The seven characters na-mu-myō-hō-ren-ge-kyō are written down the centre of the gohonzon, the mandala venerated by most Nichiren Buddhists. The veneration towards the mandala is understood by those who believe in it as the veneration for a deeper representation, which they believe to be the Buddha Nature inherent to their own lives.[citation needed]

Precise interpretations of Namu-Myōhō-Renge-Kyō, how it is pronounced, and its position in Buddhist practice differ slightly among the numerous schools and sub-sects of Nichiren Buddhism, but "I take refuge in (devote or submit myself to) the Wonderful Law of the Lotus Flower Sutra" might serve as a universal translation.[citation needed]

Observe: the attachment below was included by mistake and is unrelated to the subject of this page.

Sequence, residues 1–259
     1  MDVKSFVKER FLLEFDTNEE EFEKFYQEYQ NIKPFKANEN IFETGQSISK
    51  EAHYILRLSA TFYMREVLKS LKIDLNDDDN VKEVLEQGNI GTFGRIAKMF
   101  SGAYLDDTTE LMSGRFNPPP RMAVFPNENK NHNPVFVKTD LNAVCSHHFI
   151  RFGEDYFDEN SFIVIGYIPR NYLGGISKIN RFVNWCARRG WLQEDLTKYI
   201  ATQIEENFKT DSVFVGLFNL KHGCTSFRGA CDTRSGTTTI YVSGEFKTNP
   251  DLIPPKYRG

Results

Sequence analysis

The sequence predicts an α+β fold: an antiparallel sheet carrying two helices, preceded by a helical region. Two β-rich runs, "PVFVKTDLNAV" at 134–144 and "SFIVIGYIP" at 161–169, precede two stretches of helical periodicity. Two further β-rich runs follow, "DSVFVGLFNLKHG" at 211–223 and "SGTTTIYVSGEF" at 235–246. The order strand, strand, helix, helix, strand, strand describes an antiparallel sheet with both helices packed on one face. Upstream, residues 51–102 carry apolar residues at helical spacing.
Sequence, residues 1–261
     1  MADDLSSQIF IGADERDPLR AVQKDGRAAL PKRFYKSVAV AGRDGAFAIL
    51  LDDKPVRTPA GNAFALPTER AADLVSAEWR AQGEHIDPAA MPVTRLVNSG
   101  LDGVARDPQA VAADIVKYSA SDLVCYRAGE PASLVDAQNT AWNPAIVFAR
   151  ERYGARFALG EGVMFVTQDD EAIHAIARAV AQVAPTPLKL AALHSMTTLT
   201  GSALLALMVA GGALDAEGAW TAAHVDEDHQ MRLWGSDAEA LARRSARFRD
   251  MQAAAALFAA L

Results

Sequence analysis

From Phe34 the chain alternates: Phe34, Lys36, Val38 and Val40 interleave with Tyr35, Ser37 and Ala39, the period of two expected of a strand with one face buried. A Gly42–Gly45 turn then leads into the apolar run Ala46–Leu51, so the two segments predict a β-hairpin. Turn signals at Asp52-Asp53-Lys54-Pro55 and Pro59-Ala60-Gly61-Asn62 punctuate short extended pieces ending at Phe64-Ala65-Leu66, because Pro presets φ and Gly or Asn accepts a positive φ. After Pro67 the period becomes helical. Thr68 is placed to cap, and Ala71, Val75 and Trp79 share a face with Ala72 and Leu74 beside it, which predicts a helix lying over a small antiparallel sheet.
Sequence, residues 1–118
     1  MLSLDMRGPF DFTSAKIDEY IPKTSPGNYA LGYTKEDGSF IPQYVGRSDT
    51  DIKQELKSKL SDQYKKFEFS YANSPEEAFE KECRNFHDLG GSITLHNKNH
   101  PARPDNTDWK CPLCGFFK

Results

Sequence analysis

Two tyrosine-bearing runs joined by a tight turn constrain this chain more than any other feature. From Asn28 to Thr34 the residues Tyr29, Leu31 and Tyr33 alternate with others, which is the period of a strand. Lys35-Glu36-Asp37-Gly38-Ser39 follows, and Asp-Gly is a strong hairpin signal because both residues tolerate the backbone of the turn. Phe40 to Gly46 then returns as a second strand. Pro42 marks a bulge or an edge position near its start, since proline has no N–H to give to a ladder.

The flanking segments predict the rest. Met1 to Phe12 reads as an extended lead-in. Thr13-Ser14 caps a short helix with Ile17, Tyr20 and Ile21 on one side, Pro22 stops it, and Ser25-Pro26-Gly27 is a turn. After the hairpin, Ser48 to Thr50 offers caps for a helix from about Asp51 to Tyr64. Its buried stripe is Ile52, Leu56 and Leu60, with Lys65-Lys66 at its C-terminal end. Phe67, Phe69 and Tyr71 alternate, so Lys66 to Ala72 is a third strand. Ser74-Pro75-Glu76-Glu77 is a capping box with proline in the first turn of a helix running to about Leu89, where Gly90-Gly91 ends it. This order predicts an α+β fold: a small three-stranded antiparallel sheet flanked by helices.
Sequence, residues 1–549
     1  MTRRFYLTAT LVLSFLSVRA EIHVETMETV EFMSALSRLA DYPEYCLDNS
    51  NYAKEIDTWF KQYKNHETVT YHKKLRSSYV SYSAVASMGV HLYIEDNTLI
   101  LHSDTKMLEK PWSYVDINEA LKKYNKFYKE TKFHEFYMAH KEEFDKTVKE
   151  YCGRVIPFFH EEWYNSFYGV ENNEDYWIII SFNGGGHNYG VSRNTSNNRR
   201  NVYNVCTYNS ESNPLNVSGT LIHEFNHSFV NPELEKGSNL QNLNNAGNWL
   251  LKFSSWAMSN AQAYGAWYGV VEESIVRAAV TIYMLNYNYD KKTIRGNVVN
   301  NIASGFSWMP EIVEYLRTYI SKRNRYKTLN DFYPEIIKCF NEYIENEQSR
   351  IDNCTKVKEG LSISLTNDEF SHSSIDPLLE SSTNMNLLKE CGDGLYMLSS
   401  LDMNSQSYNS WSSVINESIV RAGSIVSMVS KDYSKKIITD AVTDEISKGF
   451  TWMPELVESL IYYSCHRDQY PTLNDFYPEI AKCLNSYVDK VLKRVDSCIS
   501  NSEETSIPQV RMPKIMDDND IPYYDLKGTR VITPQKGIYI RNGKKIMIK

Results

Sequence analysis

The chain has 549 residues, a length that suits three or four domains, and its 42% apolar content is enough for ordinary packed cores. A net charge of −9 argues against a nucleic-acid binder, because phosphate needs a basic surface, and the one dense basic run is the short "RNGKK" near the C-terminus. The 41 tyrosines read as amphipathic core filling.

Popular culture[edit]

The mantra has been used in contemporary popular culture and appears in songs such as The Pretenders' Boots of Chinese Plastic.[11]

See also[edit]


  1. ^ Chinese Buddhist Encyclopedia - Five or seven characters [1]
  2. ^ SGDB 2002, Namu
  3. ^ SGDB 2002, Lotus Sutra of the Wonderful Law
  4. ^ Kenkyusha 1991
  5. ^ Kenkyusha 1991
  6. ^ Anesaki 1916, p.34
  7. ^ SGDB 2002, Nichiren
  8. ^ Watson 2005
  9. ^ Ryuei 1999, Nam or Namu? Does it really matter?
  10. ^ Kenkyusha 1991
  11. ^ "Pretenders - Boots Of Chinese Plastic Lyrics". Retrieved 2009-11-01. 


  • Anesaki, Masaharu (1916). Nichiren, the Buddhist prophet. Cambridge: Harvard University Press. 
  • Kenkyusha (1991). Kenkyusha's New Japanese-English Dictionary. Tokyo: Kenkyusha Limited. ISBN 4-7674-2015-6. 
  • Monguchi-McCormick, Yumi (translator), ed. (2000). Lotus Seeds: The Essence of Nichiren Shu Buddhism. Nichiren Buddhist Temple of San Jose. ISBN 0970592000.